One of the good guys of the music industry is being remembered today by bands he worked with, peers and friends. Jack Flannigan died yesterday (10/12/2019). Jack’s career in music started as the guitarist in the 1980s in the NYHC band The Mob. Later he went on to manage GWAR for the last 25 years as well as a long term stint on Clutch’s management team. Both penned loving tributes to Jack over social media, as well as sharing the outpouring of support and love many names in the industry shared in tribute. We send our condolences to Jack’s family, friends, and fans at this difficult time Continue reading
Older, wiser, better, stronger. That could very well be the 2019 tag line for Life of Agony. Since the bands’ return a full-time band from their hiatus, the have continued to evolve and improve, year over year. Anybody can get on stage, take a paycheck for nostalgia’s sake. No, not this band. Their approach to new music has been inspired. Their comeback album, 2017’s A Place Where There’s No More Pain (Napalm Records) was a powerful reminder of what made this band vital in the first place. Now on The Sound of Scars (also Napalm), the band returns to the scene of their original triumph, to continue the tale. Continue reading
In one of the killer tours of late summer, Killswitch Engage armed with their new album and Clutch riding high on a series of new covers/singles totally lit up the night at The Capitol Theatre. The quaint and historic theater in sleepy Port Chester, New York has been around forever. It’s known as “The Original Rock Palace” for a reason. When a co-headline tour like this comes around the place fills up and the pit jumps off! Opening the show on this tour was Cro-Mags JM (as in John Joseph and Mackie Jason). The band played their hits, and considering they were both early influences on both bill toppers, this pairing is a great fit! Clutch has been on fire the last few years and are a must-see band live! Few frontmen can command a crowd as Neal Fallon can. Lastly, KsE came armed to the teeth with new music to play. The crushing ‘Unleashed’, and the soulful Punk energy of ‘I Am Broken Too’ are straight-up face-melters from their new album Atonement (Metal Blade) which was not quite out at the time of this show. Check out Rosa Miller’s photos from the night and do not miss these bands when they hit your town for a show!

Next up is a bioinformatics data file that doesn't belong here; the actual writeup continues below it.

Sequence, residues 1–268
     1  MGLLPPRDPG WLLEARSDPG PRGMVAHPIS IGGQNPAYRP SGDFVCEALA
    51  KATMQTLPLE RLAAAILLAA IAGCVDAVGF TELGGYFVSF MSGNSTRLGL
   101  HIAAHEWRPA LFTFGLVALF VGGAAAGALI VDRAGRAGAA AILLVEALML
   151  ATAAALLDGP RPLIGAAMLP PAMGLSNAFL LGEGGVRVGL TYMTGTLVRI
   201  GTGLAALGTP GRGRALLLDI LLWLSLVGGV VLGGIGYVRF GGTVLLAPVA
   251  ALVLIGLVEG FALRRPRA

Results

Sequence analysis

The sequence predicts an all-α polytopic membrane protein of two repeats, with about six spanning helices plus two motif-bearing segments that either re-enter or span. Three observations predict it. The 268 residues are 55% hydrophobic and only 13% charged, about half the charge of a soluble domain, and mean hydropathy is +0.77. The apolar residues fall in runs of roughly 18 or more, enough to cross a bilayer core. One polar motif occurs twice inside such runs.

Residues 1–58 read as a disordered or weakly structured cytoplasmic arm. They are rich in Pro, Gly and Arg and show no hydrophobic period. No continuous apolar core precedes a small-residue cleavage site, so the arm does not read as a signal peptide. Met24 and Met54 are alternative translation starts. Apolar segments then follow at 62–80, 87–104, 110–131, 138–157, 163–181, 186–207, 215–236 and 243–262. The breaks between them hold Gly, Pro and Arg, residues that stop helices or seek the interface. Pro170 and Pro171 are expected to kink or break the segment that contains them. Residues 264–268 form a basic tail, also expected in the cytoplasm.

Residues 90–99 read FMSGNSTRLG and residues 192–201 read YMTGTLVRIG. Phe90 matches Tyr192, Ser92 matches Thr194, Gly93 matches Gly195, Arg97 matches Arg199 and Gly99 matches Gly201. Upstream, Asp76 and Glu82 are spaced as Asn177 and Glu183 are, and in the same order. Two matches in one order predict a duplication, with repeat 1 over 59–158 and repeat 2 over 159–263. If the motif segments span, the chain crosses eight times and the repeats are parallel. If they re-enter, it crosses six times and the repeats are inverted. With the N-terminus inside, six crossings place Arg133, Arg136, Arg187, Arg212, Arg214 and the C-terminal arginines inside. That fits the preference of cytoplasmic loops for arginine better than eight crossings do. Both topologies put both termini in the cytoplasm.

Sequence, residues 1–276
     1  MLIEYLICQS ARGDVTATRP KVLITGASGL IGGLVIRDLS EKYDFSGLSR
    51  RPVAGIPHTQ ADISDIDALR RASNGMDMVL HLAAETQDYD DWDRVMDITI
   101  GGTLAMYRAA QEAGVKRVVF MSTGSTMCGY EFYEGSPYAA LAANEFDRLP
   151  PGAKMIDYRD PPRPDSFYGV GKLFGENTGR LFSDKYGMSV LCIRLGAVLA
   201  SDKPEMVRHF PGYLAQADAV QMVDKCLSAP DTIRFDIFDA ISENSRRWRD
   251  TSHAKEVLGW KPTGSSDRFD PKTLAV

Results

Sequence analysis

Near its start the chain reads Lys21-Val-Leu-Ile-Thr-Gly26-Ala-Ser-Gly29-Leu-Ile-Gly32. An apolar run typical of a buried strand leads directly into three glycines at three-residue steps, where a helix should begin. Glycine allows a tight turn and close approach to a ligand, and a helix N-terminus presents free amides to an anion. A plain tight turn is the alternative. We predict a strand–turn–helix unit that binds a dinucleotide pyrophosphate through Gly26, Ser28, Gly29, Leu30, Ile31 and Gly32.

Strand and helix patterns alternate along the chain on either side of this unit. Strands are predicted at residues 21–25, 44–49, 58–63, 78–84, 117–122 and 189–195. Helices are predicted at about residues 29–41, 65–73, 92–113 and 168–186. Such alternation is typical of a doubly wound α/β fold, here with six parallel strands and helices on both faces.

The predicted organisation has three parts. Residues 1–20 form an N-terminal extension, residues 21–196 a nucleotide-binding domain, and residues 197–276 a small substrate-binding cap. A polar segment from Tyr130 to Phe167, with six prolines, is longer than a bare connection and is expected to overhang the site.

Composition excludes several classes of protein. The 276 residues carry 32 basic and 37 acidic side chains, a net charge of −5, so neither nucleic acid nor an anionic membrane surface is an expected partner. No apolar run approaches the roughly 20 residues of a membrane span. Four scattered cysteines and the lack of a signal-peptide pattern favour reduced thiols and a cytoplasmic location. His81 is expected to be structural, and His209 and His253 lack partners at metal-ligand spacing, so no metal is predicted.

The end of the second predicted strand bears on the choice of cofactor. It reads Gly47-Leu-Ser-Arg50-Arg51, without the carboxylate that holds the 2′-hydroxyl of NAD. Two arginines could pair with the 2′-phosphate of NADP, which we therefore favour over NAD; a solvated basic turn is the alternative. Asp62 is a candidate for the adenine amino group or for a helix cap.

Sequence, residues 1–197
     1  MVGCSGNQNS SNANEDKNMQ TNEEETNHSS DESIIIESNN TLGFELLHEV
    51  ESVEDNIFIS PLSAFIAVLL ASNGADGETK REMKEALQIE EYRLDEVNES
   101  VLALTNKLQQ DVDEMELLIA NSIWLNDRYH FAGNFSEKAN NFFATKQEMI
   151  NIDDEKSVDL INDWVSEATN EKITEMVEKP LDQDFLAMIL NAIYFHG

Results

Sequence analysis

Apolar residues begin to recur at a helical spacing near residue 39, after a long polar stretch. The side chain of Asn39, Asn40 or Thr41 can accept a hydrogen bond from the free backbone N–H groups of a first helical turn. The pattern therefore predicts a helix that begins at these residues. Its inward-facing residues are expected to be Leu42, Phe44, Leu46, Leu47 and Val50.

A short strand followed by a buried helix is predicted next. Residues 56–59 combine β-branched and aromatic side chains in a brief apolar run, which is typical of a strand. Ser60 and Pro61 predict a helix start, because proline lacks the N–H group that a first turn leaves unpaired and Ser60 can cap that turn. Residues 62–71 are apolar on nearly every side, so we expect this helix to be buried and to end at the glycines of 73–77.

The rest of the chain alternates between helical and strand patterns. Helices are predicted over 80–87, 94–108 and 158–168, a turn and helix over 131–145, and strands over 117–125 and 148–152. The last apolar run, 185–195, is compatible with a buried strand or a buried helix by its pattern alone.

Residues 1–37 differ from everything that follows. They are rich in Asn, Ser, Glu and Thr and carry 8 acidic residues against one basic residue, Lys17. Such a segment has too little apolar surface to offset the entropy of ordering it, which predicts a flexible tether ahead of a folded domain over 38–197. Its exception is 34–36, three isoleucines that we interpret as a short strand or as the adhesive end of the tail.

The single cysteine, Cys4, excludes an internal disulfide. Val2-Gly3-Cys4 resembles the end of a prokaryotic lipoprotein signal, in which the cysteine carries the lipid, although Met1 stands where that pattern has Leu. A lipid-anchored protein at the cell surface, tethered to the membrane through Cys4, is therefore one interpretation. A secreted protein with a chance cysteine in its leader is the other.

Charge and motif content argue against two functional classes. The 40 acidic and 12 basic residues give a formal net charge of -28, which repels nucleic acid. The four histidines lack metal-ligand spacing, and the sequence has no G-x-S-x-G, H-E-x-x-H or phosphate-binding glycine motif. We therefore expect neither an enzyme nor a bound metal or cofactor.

Here’s something that I often see a lot of people dropping the ball on – respecting your scene elders. They’re the people you see at shows in 2019 who have literally been going to shows since the 70s. It’s still relatively easy to meet people who saw The Ramones back in the day. There are a ton of living people out there who saw all your favorite hardcore bands, back in their heyday. Hell, an even greater number have probably seen the full range of predecessors to today’s modern metal bands. Yet, so often I see people ignore them or try to mine them for personal gain. Here’s the thing though – paying attention to scene elders, giving them their due respect and coordinating with them over the long term is not only going to teach you about our community and lead to rewarding friendships, it will also help grow your own projects. In this article, I want to shine a spotlight on the importance of scene elders and share some insights they’ve taught me over the years. Continue reading